Activated macrophages are a common hallmark of many inflammatory disease and play a significant role in the outcome of endotoxic shock. This proposal studies the down-regulation of macrophages by the Mer receptor tyrosine kinase using molecular and cellular methods, both in vivo and in vitro. The purpose of this proposal is to determine mechanisms by which Mer receptor tyrosine kinase inhibit macrophages and the consequence of the macrophage down-regulation on inflammation. The finding of this proposal would have broad implications toward attenuating inflammation associated with macrophages.
The Specific Aims are fourfold: 1). We will assess the molecular mechanism by which Mer inhibits LPS signal transduction. We will assess alteration in IkBalpha and IkBbeta in CD14 expressing CHO cell lines transfected with mer/kd and mer/WT constructs. We will also assess the role of Mer in JNK, p38 and ERK signaling pathways activated by LPS. Finally, we will assess whether Mer is interacting or affecting the cell surface expression of CD14. 2). We will determine how Mer modulates macrophages during inflammation. We will use mer/kd and mer/WT mice undergoing inflammation and assess severity of histology, cytokine profiles and macrophage activation. In addition, we propose a transgenic animal under the control of an inducible system to directly determine the consequence of Mer expression during inflammation. 3). We will determine whether the regulation of TNF-alpha-induced apoptosis by Mer is at a control point upstream of NF-kappaB. We will assess whether Mer alters levels of TRAFs to induce NF-kappaB. Also we will assess in vivo apoptosis in sites of inflammation mer/kd and mer/WT mice. 4). We will determine whether Mer activity can be correlated to macrophage activation from patients with chronic inflammation. Protein and phosphorylation assays of Mer will be assessed in macrophages isolated from patients. In addition, cytokine profiles and NF-kappaB will be quantified to determine correlation with inflammation.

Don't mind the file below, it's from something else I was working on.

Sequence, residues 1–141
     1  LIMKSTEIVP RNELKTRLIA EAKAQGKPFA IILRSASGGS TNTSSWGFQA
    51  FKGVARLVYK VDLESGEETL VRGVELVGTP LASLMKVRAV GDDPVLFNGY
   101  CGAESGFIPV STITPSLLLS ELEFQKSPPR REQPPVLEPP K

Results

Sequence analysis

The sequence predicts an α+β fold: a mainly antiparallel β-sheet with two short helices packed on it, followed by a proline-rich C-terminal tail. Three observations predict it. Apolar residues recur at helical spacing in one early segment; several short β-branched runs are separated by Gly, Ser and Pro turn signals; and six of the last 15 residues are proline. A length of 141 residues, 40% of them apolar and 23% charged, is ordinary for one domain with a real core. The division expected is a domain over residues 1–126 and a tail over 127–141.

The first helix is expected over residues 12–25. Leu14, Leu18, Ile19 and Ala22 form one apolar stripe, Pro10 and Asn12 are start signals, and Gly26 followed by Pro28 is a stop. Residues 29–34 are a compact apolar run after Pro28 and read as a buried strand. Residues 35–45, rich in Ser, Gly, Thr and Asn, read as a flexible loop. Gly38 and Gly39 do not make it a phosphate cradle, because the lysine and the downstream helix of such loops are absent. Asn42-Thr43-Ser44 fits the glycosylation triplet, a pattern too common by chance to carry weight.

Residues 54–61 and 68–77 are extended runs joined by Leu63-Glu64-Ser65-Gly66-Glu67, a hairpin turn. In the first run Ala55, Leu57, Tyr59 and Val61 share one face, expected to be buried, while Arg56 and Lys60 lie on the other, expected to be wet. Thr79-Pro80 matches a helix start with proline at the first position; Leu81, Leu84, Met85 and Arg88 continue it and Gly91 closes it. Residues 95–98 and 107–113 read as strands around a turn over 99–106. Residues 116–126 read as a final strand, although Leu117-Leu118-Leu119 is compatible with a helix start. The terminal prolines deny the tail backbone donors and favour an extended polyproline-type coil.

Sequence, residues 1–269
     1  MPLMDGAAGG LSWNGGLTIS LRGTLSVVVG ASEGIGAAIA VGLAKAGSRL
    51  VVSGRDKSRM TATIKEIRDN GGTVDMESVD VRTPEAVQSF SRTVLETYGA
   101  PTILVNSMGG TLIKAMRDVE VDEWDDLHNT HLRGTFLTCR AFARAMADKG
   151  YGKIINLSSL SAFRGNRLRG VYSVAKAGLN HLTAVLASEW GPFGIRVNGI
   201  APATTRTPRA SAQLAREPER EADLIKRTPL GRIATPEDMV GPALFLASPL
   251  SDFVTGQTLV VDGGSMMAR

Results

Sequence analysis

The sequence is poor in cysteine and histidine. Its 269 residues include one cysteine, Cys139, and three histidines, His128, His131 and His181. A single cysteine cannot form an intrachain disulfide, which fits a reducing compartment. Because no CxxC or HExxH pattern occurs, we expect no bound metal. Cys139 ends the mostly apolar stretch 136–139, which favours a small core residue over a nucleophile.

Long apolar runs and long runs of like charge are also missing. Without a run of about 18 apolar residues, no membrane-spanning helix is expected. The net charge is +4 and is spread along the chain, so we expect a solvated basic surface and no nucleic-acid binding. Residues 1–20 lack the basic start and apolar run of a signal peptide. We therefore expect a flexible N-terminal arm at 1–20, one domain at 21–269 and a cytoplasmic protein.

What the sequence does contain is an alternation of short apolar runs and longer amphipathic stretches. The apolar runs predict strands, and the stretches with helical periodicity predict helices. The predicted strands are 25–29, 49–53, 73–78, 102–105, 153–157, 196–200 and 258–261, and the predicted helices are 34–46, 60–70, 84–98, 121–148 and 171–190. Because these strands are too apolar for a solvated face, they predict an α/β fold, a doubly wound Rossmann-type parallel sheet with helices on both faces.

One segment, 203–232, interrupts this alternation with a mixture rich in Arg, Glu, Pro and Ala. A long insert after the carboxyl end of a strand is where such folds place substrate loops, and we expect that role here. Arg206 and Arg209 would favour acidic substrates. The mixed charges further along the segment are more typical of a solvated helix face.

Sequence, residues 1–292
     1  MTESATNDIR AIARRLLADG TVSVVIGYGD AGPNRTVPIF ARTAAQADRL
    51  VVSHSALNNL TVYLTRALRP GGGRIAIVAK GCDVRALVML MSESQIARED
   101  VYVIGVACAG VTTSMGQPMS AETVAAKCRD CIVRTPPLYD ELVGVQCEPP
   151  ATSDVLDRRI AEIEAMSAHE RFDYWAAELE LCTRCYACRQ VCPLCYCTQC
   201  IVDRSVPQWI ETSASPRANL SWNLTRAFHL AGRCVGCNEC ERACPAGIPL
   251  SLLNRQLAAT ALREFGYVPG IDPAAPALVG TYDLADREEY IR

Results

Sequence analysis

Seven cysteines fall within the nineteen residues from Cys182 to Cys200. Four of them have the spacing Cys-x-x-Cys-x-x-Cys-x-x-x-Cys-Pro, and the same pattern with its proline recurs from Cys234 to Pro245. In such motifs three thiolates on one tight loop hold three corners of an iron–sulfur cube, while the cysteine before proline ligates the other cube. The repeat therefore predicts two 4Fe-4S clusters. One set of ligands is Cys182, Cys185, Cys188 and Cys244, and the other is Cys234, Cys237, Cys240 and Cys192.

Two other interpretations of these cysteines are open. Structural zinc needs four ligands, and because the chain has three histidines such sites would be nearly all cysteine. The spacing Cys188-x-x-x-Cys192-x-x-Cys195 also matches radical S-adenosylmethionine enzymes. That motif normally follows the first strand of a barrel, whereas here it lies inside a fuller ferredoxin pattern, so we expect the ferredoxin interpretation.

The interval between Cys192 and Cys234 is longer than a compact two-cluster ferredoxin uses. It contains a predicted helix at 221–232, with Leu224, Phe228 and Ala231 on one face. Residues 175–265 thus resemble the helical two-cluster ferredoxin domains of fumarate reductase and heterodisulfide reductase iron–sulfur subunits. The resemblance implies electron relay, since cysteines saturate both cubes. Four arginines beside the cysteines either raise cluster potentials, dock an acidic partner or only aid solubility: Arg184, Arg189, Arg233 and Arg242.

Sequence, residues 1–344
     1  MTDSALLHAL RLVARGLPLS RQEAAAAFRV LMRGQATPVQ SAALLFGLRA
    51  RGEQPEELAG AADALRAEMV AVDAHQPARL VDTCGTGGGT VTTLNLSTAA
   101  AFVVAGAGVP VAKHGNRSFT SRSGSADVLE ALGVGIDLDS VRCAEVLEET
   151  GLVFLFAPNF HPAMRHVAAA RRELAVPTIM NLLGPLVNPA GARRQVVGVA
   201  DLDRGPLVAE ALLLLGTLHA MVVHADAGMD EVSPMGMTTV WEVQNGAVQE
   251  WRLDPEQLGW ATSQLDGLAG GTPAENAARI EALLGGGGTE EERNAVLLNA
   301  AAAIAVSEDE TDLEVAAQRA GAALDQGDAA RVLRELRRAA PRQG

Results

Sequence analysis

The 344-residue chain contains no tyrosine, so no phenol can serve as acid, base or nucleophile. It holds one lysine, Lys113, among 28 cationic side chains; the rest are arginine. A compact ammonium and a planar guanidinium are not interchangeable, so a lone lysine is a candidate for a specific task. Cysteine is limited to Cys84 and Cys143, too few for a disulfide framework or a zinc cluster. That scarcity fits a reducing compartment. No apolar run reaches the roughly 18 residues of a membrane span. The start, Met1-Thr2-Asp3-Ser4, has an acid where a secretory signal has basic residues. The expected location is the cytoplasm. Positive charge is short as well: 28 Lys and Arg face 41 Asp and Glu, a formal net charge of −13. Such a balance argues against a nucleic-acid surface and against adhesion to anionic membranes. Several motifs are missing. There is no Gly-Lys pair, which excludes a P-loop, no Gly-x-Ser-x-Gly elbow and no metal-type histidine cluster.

National Institute of Health (NIH)
National Institute of Dental & Craniofacial Research (NIDCR)
Comprehensive Center (P60)
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University of North Carolina Chapel Hill
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